*Dip fresh strawberries in melted dark chocolate or Nutella for a decadent treat.
*Bake with strawberries: Make cobbler, crisp, shortcake, muffins, scones, pie, cake, or just about anything else you fancy.
*Make smoothies, milkshakes, ice cream, sorbet, or drinks such as margaritas.
*Explore the savory side of strawberries: they are delicious cooked in sauces and salsas and spooned atop meats such as chicken or pork.

Are you ready to eat some strawberries now? Then check out these savory and sweet strawberry recipes:

strawberry muffin rack pink
Fresh Strawberry, Almond, and Coconut Muffins

skinny parfait 1 striped
Skinny Berry Parfaits

seductive strawberry salad
Seductive Strawberry Salad

pork strawberry salsa cut
Pork Tenderloin with Strawberry-Mango Salsa

strawberry rhubarb calzone
Strawberry Rhubarb Calzones

strawberry cardamom crumb cake
Strawberry Cardamom Crumb Cake

Here are some more strawberry dessert recipes you might enjoy:
Strawberry Cupcakes recipe from Milk and Honey Cafe
Roasted Strawberry Scones recipe from The British Larder
Strawberry Shortcake Sliders recipe from Simply Recipes
Strawberry Chocolate Chip Muffins recipe from Gluten-Free Goddess
Learn more about California strawberries: Decadent Strawberries Sweet in Summertime


Jessica @ How Sweet said...

That skinny parfait is what I'm having for a snack later. Maybe' I'll have 2! Looks that good.

Rosa's Yummy Yums said...

What a great selection of recipes!



Bellini Valli said...

We have had strawberries in the grocery stores for some time now thanks to California, but I agree that there is nothing like a sun-ripened berry picked from the vine. But who can resist the strawberries we have in the grocers now for $1.99 a package:D

The French said...

Yes, I'm ready to eat strawberries now!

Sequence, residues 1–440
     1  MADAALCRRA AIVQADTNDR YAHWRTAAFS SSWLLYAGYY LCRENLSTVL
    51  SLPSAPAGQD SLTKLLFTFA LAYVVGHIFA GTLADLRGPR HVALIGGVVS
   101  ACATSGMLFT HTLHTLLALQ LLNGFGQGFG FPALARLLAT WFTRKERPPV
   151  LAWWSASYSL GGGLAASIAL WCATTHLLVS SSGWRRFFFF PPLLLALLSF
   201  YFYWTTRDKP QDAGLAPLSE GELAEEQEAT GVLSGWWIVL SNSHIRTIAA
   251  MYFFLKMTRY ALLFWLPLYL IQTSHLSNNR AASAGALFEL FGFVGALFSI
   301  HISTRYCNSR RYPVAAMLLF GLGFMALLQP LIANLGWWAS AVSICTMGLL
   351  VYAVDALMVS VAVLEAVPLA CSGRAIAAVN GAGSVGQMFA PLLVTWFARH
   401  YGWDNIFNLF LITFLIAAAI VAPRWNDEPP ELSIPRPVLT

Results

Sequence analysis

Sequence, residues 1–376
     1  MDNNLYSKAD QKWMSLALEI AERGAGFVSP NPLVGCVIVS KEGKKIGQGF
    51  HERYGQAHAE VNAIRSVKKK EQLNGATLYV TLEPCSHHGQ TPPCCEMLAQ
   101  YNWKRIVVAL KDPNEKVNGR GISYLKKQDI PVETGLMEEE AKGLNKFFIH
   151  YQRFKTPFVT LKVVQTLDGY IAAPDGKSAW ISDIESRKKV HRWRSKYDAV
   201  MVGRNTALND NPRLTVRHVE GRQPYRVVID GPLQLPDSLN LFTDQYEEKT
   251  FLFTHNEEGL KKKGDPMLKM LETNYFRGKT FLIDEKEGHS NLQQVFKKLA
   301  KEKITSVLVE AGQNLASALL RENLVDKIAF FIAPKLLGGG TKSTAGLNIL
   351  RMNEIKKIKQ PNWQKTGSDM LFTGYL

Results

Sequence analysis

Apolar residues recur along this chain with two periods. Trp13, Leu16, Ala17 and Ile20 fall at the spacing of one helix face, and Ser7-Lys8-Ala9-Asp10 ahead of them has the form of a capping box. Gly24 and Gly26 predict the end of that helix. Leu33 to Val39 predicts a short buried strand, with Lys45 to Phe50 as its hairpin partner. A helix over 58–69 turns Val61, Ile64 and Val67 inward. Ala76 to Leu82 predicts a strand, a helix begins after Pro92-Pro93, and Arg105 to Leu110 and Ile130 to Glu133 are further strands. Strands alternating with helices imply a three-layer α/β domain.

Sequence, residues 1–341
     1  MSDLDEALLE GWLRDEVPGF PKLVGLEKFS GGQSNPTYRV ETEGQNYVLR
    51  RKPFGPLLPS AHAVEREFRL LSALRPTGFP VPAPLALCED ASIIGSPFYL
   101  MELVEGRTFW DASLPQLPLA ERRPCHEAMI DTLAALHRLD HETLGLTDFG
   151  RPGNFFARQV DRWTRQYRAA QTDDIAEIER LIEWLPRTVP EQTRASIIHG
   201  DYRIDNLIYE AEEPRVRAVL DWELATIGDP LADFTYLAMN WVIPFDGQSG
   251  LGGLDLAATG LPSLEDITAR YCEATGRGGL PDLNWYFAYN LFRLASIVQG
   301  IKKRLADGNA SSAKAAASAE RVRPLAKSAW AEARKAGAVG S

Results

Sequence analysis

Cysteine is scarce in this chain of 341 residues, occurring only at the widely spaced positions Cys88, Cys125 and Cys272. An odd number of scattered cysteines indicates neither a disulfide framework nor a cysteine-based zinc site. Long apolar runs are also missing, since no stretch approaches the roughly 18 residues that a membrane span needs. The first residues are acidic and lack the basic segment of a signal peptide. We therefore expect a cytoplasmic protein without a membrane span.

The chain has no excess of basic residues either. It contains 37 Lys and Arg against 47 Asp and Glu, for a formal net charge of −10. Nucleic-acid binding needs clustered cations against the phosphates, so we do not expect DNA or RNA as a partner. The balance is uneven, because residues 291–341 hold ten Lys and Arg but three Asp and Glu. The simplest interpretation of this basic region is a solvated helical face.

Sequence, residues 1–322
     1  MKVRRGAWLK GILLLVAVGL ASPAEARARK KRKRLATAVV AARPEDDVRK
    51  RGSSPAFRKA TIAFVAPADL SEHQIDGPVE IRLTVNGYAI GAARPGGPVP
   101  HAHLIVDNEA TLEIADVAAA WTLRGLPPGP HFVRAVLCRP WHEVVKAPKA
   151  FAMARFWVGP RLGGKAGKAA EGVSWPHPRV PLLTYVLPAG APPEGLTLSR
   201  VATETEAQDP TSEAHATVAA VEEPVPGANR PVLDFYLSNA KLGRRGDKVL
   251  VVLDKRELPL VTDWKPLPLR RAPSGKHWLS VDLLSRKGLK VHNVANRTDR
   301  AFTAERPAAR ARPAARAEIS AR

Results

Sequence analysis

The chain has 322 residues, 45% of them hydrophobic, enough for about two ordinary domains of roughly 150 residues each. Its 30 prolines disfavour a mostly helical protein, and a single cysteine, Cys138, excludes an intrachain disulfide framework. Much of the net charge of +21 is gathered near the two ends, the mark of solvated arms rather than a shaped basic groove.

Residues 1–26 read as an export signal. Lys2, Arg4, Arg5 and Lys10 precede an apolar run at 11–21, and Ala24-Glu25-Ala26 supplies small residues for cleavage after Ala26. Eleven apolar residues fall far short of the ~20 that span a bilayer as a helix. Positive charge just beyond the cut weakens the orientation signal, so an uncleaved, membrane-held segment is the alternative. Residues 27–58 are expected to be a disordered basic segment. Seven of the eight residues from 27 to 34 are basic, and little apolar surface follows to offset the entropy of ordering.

I think they are #3 on the Worst Pesticides list so I try and buy organic as often as I can:)

Karen said...

Lots of good tips, Susan! The strawberry-rhubarb calzones look great!

Epicurette said...

I tried hitting the farmers market in NY over the weekend hunting for strawberries, but only one vendor had them and they looked pretty sad. The East Coast is still waiting. My strawberry ice cream recipe still remains saddly unmade!

Susan from Food Blogga said...

jessica-Yeah! I can tell you from experience that the second one goes down easily. ;)

rosa-thank you!

val-I hear ya on the discounted price. They are hard to pass up. But for eating out of hand, nothing beats vine-ripened berries.

thefrench-That's a great point!

karen-Those calzones are my FAVE way to enjoy strawberries and rhubarb.

epicurette-Mmmm... homemade strawberry ice cream? That's worth waiting for.

Joanne said...

Moan and groan. Thanks for all of these tips...that strawberry mango salsa is definitely going to be made as soon as strawberries come into season here!

stacy said...

We've been getting CSA strawberries *and* I have been buying them at the market. Every time I intend to bake with them I find that I have managed to snack on a whole pint. Oops.

When we were still in the Midwest we found a great U-pick strawberry farm and came home with about 10 pounds of ripe organic berries. It was fantastic.

Lynda said...

We are so lucky with the strawberries we have in California. I call them nature's candy, because they are so sweet. Thanks for the storing tips - although it's rare they last long enough in our home to store.

Lydia (The Perfect Pantry) said...